Three Australian warships have had an exchange with the Chinese military in the South China Sea as they made their way to Vietnam on a good-will mission.
China's military issued "robust" challenges to three Australian warships as they travelled through the South China Sea to Vietnam this month.
Defence sources say the confrontations between HMAS Anzac, HMAS Toowoomba and HMAS Success and the People's Liberation Army occurred before the Australian vessels' arrival for a three-day goodwill visit in Ho Chi Minh City.
One official, speaking on the condition of anonymity, told the ABC exchanges with the PLA Navy were polite but "robust".
Defence Industry Minister Chris Pyne said Chinese authorities "asked questions" of the vessels travelling through the sea but said he would not describe the exchange as a confrontation.
"From what I understand, in the normal course of events, questions are asked, sometimes more robustly than other times," Mr Pyne told reporters in Adelaide on Friday.
"That doesn't change our views about being able to navigate the South China Sea.
"We will continue to so along with the United States. We do it very, very regularly with all kinds of commercial vessels but also with our navy platforms."
Prime Minister Malcolm Turnbull would not reveal exactly what happened in the exchange with the Chinese military when questioned on the sidelines of the CHOGM meeting in London on Thursday, local time.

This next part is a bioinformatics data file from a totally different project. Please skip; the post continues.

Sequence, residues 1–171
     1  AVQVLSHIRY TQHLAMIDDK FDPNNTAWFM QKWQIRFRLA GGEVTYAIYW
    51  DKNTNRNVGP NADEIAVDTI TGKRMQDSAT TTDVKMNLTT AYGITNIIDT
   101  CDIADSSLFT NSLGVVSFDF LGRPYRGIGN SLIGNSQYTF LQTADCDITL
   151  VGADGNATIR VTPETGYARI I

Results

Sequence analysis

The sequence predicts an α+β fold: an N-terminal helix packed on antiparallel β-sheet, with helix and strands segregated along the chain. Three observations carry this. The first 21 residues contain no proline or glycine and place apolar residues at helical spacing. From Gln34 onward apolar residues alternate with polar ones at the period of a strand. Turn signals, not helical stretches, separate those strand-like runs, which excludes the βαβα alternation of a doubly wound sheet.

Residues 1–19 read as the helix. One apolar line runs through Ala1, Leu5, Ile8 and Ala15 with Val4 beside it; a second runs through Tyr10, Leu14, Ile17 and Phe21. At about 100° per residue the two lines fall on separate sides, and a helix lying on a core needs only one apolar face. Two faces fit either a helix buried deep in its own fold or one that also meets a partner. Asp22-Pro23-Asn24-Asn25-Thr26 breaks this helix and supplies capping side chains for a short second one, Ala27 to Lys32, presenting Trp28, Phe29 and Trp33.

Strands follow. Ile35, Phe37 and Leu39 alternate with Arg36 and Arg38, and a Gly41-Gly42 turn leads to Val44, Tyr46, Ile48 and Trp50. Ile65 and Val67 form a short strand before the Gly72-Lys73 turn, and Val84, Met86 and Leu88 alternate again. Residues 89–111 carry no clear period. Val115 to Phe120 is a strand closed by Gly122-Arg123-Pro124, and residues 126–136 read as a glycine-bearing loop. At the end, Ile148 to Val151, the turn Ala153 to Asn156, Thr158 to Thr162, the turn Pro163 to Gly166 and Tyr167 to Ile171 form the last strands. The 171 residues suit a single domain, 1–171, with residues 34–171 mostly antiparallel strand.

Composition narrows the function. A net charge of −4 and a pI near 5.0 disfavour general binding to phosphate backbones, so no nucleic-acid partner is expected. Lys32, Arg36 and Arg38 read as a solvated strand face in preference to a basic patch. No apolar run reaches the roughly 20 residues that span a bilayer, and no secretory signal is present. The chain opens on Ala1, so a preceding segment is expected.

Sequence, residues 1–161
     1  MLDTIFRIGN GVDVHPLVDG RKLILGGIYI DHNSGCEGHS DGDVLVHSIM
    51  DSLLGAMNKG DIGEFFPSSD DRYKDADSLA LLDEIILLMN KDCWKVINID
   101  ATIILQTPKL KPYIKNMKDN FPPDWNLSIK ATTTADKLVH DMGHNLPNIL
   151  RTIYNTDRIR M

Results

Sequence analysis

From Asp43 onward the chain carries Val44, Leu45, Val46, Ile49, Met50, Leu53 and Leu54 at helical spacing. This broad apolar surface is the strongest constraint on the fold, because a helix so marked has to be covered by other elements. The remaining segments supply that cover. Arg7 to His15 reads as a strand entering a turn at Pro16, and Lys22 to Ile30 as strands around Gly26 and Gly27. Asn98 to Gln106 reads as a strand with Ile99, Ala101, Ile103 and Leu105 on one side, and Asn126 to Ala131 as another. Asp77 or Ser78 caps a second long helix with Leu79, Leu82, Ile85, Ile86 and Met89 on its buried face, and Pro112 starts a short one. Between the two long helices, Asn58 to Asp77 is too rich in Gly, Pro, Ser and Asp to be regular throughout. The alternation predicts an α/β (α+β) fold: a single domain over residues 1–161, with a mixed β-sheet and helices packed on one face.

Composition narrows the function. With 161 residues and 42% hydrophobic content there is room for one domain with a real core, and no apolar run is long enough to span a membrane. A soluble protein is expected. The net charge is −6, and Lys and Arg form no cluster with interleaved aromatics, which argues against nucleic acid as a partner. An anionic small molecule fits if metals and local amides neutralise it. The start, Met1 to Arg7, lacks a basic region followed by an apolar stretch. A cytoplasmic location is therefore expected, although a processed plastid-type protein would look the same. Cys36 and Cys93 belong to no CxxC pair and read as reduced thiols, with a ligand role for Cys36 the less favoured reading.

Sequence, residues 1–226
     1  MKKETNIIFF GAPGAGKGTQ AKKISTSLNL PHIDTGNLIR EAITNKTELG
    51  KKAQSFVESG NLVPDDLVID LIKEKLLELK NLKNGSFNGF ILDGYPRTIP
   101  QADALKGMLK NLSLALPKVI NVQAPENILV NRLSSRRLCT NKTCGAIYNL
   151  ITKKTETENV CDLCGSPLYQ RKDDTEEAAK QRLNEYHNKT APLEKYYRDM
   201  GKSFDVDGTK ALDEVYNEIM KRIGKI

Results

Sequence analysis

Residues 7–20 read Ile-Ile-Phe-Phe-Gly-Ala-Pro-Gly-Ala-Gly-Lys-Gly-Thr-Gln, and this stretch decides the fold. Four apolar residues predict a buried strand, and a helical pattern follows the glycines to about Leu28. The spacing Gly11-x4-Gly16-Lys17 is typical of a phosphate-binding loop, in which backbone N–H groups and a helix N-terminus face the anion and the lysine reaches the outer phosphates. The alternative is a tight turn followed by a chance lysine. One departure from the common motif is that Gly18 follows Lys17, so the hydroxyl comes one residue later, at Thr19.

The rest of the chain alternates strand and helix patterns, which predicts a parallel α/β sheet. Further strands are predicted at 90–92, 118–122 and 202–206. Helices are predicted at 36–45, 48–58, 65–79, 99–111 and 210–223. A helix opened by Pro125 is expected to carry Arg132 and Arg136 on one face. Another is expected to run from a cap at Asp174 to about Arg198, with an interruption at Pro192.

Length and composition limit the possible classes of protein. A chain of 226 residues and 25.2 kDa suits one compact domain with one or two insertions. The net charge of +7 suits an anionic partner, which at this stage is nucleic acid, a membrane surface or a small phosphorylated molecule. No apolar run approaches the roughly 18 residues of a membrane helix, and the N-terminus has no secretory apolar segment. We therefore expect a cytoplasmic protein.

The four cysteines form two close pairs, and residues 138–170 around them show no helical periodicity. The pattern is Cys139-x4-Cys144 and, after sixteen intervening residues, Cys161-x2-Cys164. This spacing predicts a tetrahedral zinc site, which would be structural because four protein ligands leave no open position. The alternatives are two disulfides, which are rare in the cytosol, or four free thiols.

"All I can say to you is Australia asserts and practices its right of freedom of navigation throughout the world's oceans, including of course the South China Sea," Mr Turnbull said.
"As is our perfect right in accordance with international law."
The Defence Department confirmed the three vessels recently travelled through the South China Sea but refused to provide details of the interactions between Australia's warships and the Chinese military, the ABC reported on Friday.
"The Australian Defence Force has maintained a robust program of international engagement with countries in and around the South China Sea for decades," the department said in a statement.
"This includes bilateral and multilateral military exercises, port visits, maritime surveillance operations and ship transits.
"As they have done for many decades, Australian vessels and aircraft will continue to exercise rights under international law to freedom of navigation and overflight, including in the South China Sea."